The easiest and most foolproof idea to create awareness without making it awkward is to introduce them to books or youtube videos that discuss these issues. But, make sure that these come from authentic sources. This is just a practical method, an initiation that will make it easier for them to understand or open up about their issues or their need for medical support. Pretty sure, some of you reading this have employed this one way or the other.

Listen

It is natural for some of us to get caught in our busy schedule and have less family time. However, it’s important to listen to your ageing parents. There are instances where the parents would be willing to open up but can’t find someone to do so. A good tip would be to speak to them about their childhood, understand how life was for them when they were kids. The more they open up, the better they will feel.

Understand and empathise

One can’t replace a therapist. However, one can always understand and empathise with another living being. So the next time your parents snap at you for seemingly nothing, try to understand the cause of that emotion. It is not always a grudge towards you, but it could simply be an act of passive aggression or stress that they are going through (this statement, however, is not an invalidation of an abusive household; we know how traumatising that can be). Talk to them empathetically, and ask them why they feel that way and what you can do about it to help them.

Help them find a Hobby

Ignite the idea of having a hobby. Sometimes a simple assurance that we as kids can manage certain things on our own can be given to them in response to their reply of ‘ithinokke evideya samyam’. It needn’t be a grand, fancy hobby but something like catching up with their college friends after ages, gardening or something as simple as journaling could be suggested.

Introduce them to the Idea of Self-love

One thing many of us will associate with our parents is their selflessness. Gen X was brought up at a time where stability and success in life meant to live a great (mostly rich) life with the limited resources they had. The selflessness and sacrificial mentality that was initiated then still continues even when they are in a comfortable financial position. One way to recondition this tendency would be to introduce the idea of self-love to them.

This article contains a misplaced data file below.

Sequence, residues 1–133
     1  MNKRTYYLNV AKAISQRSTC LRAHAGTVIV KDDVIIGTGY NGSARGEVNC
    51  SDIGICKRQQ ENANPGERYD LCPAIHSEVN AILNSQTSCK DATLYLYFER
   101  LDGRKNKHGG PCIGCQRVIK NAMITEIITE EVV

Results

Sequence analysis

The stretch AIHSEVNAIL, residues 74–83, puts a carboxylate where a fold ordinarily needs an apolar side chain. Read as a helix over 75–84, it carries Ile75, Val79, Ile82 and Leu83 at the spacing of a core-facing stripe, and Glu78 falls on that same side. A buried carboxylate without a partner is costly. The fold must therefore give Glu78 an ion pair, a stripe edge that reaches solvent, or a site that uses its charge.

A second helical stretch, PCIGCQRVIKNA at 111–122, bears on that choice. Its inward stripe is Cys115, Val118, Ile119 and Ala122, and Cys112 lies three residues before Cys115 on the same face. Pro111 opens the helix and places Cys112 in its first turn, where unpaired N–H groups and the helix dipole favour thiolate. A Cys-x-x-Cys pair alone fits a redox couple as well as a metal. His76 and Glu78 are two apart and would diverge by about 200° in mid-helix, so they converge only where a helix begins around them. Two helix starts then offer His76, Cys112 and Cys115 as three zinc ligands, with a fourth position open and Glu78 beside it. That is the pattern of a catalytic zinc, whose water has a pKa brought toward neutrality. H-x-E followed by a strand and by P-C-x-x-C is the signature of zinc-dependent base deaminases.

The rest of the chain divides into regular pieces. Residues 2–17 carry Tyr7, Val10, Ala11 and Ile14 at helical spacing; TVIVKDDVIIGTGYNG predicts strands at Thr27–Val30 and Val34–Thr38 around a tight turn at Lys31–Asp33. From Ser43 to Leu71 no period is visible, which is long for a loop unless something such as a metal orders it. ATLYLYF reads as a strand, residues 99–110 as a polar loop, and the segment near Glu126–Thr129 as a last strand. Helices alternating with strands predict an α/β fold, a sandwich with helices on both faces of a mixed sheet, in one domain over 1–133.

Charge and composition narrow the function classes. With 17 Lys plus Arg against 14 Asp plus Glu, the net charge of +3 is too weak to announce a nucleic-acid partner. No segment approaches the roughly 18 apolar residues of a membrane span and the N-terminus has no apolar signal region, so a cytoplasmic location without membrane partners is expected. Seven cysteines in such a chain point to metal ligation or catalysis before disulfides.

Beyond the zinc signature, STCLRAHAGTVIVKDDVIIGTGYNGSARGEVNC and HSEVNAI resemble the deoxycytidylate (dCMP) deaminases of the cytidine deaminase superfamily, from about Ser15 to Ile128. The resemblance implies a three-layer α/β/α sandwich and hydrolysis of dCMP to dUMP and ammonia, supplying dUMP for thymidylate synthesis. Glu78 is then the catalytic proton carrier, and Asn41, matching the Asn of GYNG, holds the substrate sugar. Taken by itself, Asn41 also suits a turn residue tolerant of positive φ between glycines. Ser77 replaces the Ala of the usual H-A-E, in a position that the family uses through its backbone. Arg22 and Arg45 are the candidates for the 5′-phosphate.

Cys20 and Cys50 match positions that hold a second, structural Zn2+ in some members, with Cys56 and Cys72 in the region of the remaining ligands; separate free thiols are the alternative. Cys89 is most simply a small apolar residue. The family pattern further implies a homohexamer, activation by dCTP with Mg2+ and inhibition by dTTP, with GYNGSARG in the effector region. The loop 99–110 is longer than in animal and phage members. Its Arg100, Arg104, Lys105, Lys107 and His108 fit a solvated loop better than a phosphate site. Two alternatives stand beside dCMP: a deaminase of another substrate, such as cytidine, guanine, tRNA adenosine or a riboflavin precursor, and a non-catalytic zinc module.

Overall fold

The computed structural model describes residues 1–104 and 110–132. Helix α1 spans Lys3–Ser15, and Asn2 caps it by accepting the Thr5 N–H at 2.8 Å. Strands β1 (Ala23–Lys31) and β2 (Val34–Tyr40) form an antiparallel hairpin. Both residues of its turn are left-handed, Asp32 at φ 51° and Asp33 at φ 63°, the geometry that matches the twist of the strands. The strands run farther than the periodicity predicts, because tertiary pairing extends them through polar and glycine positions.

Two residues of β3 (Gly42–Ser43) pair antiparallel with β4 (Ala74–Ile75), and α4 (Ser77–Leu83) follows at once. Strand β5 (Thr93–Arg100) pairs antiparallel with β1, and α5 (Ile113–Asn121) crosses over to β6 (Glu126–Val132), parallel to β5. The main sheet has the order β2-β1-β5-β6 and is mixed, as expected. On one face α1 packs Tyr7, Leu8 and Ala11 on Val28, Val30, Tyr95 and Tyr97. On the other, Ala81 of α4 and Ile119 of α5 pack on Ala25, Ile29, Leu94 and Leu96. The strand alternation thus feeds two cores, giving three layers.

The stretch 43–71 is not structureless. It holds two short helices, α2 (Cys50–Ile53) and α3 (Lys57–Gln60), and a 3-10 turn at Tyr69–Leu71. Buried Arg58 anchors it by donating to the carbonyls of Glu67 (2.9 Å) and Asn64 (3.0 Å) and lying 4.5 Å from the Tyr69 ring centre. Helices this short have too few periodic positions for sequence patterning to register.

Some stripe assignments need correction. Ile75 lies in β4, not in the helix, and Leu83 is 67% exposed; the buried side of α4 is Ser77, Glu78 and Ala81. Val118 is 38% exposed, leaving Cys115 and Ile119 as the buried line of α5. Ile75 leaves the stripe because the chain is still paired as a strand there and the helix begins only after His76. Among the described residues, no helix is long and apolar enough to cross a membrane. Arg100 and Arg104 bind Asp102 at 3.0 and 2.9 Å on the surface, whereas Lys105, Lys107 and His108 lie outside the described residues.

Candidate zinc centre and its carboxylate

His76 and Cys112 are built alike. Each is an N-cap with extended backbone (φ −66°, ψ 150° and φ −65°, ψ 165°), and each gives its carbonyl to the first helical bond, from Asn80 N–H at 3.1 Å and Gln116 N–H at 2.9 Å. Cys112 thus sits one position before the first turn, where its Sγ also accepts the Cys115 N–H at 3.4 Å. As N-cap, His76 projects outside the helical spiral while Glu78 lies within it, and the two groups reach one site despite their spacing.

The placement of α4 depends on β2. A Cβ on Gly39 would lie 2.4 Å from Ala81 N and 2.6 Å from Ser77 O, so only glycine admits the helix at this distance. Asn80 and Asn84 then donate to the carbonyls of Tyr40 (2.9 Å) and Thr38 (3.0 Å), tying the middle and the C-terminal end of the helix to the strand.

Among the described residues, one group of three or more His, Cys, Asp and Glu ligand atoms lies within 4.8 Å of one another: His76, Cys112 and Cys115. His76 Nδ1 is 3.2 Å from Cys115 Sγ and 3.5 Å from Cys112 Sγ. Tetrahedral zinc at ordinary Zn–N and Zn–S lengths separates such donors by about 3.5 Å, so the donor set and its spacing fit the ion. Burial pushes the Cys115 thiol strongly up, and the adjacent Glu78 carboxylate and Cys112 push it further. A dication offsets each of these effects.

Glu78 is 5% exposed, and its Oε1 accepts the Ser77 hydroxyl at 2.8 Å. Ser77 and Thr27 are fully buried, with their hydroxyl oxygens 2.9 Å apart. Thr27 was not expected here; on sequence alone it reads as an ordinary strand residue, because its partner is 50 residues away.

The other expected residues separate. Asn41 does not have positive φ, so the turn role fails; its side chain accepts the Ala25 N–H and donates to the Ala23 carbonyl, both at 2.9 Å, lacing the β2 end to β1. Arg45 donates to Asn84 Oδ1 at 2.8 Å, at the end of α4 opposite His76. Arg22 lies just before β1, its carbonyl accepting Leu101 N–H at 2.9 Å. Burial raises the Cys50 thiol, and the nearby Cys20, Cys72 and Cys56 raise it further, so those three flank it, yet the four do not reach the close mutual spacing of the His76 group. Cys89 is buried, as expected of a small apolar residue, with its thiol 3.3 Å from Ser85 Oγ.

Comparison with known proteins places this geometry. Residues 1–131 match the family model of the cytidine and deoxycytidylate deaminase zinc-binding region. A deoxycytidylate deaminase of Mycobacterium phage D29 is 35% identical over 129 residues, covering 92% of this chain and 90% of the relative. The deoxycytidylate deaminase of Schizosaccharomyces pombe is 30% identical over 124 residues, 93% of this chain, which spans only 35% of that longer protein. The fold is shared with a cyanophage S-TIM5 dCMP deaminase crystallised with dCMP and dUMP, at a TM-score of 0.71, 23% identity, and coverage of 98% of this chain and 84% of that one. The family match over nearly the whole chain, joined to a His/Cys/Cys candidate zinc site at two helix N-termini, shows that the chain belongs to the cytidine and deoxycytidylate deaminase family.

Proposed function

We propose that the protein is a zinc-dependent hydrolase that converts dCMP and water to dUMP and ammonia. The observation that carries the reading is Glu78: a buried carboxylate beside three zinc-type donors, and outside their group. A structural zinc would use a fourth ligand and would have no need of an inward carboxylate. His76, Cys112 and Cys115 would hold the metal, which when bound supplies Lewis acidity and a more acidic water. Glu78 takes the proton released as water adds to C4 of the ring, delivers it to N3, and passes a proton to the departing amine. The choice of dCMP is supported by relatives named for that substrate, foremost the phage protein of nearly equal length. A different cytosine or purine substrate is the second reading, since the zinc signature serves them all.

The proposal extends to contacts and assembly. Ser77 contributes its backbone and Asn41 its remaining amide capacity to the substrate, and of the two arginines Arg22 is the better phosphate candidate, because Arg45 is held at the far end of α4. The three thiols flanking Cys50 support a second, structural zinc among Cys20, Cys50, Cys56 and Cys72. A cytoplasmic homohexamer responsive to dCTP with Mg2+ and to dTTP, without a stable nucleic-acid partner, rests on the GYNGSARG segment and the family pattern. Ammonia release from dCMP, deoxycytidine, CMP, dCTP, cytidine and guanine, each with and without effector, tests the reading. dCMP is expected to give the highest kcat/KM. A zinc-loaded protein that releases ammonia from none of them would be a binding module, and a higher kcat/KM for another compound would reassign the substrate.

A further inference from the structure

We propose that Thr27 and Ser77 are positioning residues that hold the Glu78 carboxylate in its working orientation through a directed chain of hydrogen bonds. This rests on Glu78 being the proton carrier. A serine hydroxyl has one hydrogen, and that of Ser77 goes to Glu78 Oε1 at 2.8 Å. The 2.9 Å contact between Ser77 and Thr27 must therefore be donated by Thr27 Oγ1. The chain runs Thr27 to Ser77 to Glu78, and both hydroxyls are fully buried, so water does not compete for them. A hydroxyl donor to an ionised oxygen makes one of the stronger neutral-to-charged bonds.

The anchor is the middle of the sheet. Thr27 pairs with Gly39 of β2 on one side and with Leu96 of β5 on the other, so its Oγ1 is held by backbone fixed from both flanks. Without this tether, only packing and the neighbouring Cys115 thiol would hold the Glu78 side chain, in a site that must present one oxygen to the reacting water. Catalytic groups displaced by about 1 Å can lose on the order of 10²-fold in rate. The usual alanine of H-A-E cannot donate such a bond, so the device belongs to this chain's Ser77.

The next time your amma saves up money to gift you, ask her to buy a gift for herself.

Encourage them to call for professional help

Always encourage your parents to call for professional help if needed. Bust the myths related to mental health and make it comfortable for them to call for help. While we all stand by the privilege and our awareness of mental health, most often, we lack access to the right information. It’s an understated fact that there are certain households where the children themselves prevent their parents from seeking professional help. This can be due to various reasons like the social stigma, the lack of time, or simply, denial.

Viewing things from a different perspective is not always easy. The privilege that is bestowed on us is therefore a boon to slowly learn and unlearn certain things. I hope we will be able to learn and start the change from our households. After all, it is the small act of sharing and caring that fosters the entity called family.